MAHONEY: New York businesses hope to dodge more Albany bullets

Joe Mahoney

ALBANY — The spread of coronavirus is already changing many people's travel and vacation plans. And there is growing concern across the upstate region, particularly among tourism-sensitive businesses, about the economic fallout from this health emergency.

Stock market indexes in recent days bounced around like yo-yos as investors reacted to the uncertainty. The state's economy, for better or for worse, is acutely sensitive to the alternating bear and bull markets of Wall Street.

At the state Capitol in Albany, lawmakers will soon be making decisions that will impact the bottom lines of the businesses that provide the jobs and the foundation for the tax base that keeps schools open and allows families to provide for the needs of their kids.

Against this backdrop, the state's business community is imploring the elected representatives from every region of New York to refrain from saddling more costly mandates on employers.

One legislative imitative advanced by Gov. Andrew Cuomo — a proposed ban on Styrofoam products — could threaten 2,000 manufacturing jobs in the upstate region, according to the Business Council of New York State.

Ken Pokalsky, the council's vice president, told me the measure would have a minimal impact on New York's waste stream. The polystyrene material in question, he said, can be recycled more readily than the lined paperboard product that would replace it as a packaging product.

"Even if (the legislation) doesn't immediately ban their ability to produce in the state, it's hard to imagine that a company with multiple plants throughout the Northeast or even the U.S. would put additional capital in a plant in a state that bans its product," Pokalsky said.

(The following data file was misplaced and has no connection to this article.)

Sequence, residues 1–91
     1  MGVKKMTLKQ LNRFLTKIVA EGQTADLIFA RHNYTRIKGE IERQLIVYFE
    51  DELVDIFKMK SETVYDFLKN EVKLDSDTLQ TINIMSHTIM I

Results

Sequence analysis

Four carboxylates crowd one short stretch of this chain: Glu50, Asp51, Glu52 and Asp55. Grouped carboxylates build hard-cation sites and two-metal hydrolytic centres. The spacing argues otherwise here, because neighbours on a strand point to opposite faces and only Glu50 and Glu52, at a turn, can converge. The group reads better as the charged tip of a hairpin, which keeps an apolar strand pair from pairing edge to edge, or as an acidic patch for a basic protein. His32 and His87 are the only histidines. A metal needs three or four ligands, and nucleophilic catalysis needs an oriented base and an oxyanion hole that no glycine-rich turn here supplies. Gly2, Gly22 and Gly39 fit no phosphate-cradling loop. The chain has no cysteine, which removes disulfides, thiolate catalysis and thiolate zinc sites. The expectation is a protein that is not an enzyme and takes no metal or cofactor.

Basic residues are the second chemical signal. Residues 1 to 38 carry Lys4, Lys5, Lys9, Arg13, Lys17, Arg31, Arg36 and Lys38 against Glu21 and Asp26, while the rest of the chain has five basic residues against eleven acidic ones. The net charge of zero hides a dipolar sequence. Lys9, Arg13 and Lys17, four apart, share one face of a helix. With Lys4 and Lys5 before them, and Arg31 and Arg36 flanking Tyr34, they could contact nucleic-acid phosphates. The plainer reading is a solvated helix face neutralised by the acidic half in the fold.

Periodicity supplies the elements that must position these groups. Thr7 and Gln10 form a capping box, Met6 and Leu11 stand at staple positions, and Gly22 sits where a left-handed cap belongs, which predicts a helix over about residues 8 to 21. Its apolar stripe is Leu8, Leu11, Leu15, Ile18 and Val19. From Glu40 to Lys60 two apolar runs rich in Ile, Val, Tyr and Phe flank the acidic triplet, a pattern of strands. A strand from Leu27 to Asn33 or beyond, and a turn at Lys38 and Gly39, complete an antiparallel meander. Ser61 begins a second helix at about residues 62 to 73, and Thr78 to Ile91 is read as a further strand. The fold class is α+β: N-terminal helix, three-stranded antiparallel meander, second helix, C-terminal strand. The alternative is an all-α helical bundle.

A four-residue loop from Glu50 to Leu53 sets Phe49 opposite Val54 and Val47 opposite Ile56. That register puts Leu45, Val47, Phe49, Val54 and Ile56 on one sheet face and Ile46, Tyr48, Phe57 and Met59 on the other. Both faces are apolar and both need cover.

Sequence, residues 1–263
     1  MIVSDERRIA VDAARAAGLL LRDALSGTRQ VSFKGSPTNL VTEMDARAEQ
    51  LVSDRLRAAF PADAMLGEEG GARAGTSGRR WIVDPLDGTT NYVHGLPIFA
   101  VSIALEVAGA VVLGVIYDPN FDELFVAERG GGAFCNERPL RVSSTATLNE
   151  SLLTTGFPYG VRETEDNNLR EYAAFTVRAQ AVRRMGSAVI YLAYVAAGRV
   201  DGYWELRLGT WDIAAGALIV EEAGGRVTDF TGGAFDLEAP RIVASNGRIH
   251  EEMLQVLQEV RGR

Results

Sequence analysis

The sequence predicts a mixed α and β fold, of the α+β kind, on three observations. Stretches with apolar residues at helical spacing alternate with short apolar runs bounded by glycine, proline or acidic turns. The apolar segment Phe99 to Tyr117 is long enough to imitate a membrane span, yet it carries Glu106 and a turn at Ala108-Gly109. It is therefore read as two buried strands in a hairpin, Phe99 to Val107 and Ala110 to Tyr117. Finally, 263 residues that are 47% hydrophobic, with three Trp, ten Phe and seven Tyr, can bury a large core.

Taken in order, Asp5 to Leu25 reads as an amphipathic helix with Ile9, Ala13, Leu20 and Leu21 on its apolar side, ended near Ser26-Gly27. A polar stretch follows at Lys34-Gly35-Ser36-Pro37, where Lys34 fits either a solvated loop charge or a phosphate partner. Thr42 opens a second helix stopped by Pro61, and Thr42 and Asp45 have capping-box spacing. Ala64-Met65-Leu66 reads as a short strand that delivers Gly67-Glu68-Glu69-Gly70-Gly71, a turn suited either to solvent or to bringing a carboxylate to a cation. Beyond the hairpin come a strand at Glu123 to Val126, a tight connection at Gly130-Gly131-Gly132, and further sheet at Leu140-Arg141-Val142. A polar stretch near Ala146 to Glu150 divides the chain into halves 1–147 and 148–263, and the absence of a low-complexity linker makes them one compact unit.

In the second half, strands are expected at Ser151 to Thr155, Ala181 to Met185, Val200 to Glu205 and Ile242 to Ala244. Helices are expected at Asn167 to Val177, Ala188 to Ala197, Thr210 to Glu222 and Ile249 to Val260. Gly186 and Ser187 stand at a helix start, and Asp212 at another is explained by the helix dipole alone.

Among the upstate manufacturing firms that could be hit by the proposal is Pactiv, which has plants in Plattsburgh and Canandaigua.

Cuomo stressed environmental concerns when he pitched the Styrofoam ban in December. "From take-out containers to packing peanuts, this material is everywhere and it will continue to pollute our waters and harm our for generations to come if we do not act," he said.

Beyond the producers of the products, the proposed ban would create havoc for packaged dairy food producers, said Alex Walsh, director of communications for the Northeast Dairy Foods Association.

"We have a lot of members who use Styrofoam for packaging, whether it's ice cream or other products that need to be kept cold for transportation and serving purposes, especially in schools, hospitals and senior centers," Walsh told me. "Banning this would require our members to seek out alternatives, which would cost them an exorbitant amount of money. If we need to cut our bottom line to deal with this, it could result in job losses for our members."

Another skirmish taking place in the halls of power involves the business community's pushback against Cuomo's proposal to require every New York employer to provide employees with mandatory, job-protected sick leave.

In a memo opposing the measure, the Business Council states: "These mandated plans add a significant administrative burden and additional costs to employers as they try to comply with a myriad of compliance requirements that often interfere with effective staffing needed to meet customer needs."

The Cuomo administration argues the proposal will yield benefits, stating in a briefing book issued with the governor's 2020 agenda: “The implementation of guaranteed paid sick leave echoes the promise of a secure and thriving workforce."

Cuomo, citing the outbreak of coronavirus, said recently he wants to expand his proposal to provide protections for people who call in sick at their jobs because they may have been sickened by the virus.

The governor has shown a preference to wrap in policy initiatives that have little or no consequence to the state treasury in the budget, where they tend to be obscured by other measures. Lawmakers could slow down both the Styrofoam ban and the sick leave mandate by insisting those issues be tackled after a deal gets worked out on a state spending plan.

It's sausage-making time in Albany, and we expect to see the final ingredients by month's end.


Joe Mahoney covers the New York Statehouse for CNHI’s newspapers and websites. Reach him at

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